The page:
While the Chinese yuan's decline was the trigger for the market's Monday plunge, the selloff didn't discriminate much between tech companies with strong Chinese exposure and those with little or no Chinese exposure.
Likewise, the selloff didn't discriminate much between richly-valued tech names and moderately-valued ones, or between companies that recently delivered strong earnings reports and those that shared more troublesome numbers.
None of this, of course, guarantees that many of the stocks that were hammered on Monday will quickly rebound, particularly given the risk that trade tensions could inflame further.
But for those willing to accept this risk — though there's no guarantee that history will repeat, those who took on such risks in late 2018 made out well — the current selloff presents an opportunity to buy quality, reasonably-priced, tech names at discount.
Here are four areas where bargain-hunting tech investors might want to look. The first two areas, it should be noted, feature companies with limited direct China exposure, while the last two feature companies that are more directly exposed.
1. U.S. Internet Giants
U.S. online advertising and social media names generally had a strong earnings season, and Alphabet/Google and Facebook weren't exceptions to the rule. Both companies comfortably beat Q2 estimates, and (though Facebook did caution its growth will slow in the coming quarters) saw revenue growth accelerate relative to Q1. And since each company's core services are banned in China, they have little Chinese exposure outside of some ad sales to Chinese businesses looking to reach potential foreign customers.
Alphabet, which has given back all of the big post-earnings gains it saw last month, now trades for 21 times its 2020 consensus EPS estimate. Facebook, which is down 13% since its Q2 report after rallying in the prior months, now trades for 19 times its 2020 EPS consensus. Both companies have seen their near-term earnings depressed by aggressive spending and a general willingness to tolerate losses for newer businesses.
2. Enterprise Tech Stocks
Though many high-growth enterprise tech stocks (software names particularly) now trade at steep multiples, one can still find firms trading at more subdued multiples that are seeing meaningful top-line growth. And by and large, these companies have limited Chinese sales exposure.
Security tech giant Palo Alto Networks, which trades for 17 times expected free cash flow (FCF) for its 2020 fiscal year (it ends in June 2020) and 14 times expected FCF for its 2021 fiscal year, is one case in point. Palo Alto rival Fortinet, it should be noted, delivered a pretty strong Q2 report last week.
Cloud storage/file-sharing provider Dropbox, whose sales depend on both consumers and businesses, is also trading at moderate FCF multiples. And though it's a little pricier than the aforementioned names, e-signature software/services leader DocuSign is now trading at its lowest levels since January; the company is still expected to see 31% revenue growth and 28% billings growth in fiscal 2020 (it ends in January), and is now trading for about 7 times its expected fiscal 2020 billings.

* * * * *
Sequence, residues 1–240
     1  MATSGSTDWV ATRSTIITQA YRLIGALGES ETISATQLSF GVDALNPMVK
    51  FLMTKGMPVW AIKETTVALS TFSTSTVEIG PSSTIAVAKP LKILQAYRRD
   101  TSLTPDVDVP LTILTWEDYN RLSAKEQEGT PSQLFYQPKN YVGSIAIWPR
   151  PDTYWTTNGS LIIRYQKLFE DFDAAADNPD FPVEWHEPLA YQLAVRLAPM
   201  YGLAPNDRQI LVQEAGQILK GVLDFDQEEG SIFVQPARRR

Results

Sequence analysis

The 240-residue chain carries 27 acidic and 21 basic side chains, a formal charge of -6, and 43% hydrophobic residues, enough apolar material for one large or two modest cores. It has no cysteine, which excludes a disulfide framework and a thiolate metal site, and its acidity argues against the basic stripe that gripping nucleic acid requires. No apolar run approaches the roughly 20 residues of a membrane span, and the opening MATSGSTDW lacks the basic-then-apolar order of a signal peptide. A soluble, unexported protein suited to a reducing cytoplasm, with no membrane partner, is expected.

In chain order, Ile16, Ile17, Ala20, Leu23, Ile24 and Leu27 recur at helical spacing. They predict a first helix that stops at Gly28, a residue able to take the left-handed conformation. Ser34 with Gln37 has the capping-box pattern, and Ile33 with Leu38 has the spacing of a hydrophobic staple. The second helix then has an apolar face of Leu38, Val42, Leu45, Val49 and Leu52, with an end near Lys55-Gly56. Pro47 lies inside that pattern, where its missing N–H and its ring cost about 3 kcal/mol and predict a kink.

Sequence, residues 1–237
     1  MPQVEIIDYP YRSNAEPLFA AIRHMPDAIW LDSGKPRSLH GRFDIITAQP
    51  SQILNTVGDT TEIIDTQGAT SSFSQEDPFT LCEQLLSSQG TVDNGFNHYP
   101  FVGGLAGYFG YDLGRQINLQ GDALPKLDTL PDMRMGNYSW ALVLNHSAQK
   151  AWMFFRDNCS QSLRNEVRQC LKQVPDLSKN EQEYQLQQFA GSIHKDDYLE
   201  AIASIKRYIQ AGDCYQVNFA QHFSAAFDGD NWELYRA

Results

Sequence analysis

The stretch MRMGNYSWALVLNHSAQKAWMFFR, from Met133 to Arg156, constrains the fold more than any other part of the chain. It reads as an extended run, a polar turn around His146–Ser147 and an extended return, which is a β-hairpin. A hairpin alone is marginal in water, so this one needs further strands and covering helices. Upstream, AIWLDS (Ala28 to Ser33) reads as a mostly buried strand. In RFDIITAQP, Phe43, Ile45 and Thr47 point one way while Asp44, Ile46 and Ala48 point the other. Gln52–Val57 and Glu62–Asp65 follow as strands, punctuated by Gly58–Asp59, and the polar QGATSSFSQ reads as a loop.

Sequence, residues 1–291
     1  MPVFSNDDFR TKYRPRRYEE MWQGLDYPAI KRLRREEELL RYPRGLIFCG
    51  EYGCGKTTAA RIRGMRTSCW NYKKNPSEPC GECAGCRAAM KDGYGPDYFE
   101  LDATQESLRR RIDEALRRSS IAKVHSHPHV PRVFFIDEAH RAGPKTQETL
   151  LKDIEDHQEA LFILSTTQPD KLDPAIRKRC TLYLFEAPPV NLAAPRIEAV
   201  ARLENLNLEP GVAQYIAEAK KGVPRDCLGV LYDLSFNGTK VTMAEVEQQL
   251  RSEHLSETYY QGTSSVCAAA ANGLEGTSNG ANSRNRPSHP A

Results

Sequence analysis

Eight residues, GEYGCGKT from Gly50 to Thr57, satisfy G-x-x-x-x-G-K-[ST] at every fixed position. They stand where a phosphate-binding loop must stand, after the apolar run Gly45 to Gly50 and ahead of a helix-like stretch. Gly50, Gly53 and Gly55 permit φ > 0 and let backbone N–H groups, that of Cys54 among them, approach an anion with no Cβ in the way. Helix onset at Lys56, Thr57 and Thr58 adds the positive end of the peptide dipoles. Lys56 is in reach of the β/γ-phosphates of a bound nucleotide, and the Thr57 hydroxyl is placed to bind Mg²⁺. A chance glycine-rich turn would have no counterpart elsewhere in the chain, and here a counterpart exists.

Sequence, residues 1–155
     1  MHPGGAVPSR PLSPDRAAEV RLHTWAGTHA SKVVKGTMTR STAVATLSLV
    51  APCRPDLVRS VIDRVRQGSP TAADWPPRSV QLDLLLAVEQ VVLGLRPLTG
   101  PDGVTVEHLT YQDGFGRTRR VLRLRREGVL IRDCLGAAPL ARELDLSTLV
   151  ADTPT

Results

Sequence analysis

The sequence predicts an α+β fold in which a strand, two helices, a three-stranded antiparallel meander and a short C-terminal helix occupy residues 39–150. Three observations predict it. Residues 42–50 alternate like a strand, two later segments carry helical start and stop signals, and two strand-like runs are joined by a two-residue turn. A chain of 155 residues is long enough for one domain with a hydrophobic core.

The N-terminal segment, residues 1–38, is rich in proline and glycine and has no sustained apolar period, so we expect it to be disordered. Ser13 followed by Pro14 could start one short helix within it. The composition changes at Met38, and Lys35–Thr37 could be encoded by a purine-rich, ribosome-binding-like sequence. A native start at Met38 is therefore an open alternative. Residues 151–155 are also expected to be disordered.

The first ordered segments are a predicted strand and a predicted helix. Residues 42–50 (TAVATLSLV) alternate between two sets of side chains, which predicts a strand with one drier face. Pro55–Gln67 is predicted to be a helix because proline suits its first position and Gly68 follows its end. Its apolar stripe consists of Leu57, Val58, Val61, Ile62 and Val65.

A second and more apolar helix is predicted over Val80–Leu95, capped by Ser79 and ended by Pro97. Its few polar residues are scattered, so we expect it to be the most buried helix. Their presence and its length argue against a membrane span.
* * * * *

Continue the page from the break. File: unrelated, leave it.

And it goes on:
3. Chip Stocks
This a group with some clear trade war exposure, given how dependent many names are on Chinese demand and/or exports. But The Philadelphia Semiconductor Index is (following Monday evening's drop) down about 15% from its late-July highs, and valuations for many names are fairly low.
Broadcom, which in June issued guidance that baked in a fair amount of trade war-related headwinds, is now trading for just 11 times its expected fiscal 2020 (ends in Oct. 2020) EPS. It's worth noting here that the company gets the lion's share of its wireless chip sales from Apple — Apple and various iPhone suppliers issued healthy guidancethis earnings season — and is also well-exposed to cloud data center owners who appear set to pick up their spending after slowing it during the first half of 2019.
Chip contract manufacturing giant Taiwan Semiconductor, which also has strong iPhone exposure and issued decent guidance last month, now trades for 17 times its expected 2020 EPS. And though it's tough to value the company based on near-term EPS given how its gaming GPU sales tumbled in recent months due to major inventory corrections, Nvidia is once more down about 50% from its 2018 highs and is also poised to benefit from improved cloud spending.
4. Chinese Tech Stocks
These certainly aren't for the faint of heart, given both their vulnerability to Chinese macro pressures and the fact that a weaker yuan impacts the dollar-based revenue and earnings growth that Chinese tech firms report. But those willing to brave the waters can find a lot of names — including some blue-chip companies with very strong competitive moats — that are still seeing healthy double-digit growth and trade at reasonable multiples.
E-commerce giant Alibaba, which is expected to see 33% dollar-based revenue growth in fiscal 2020 (it ends in March), now trades for 22 times its expected fiscal 2020 EPS and 18 times its expected fiscal 2021 EPS in spite of aggressive spending. Online travel leader Ctrip.com, for its part, trades for 19 times its expected 2020 EPS and 15 times its expected 2021 EPS.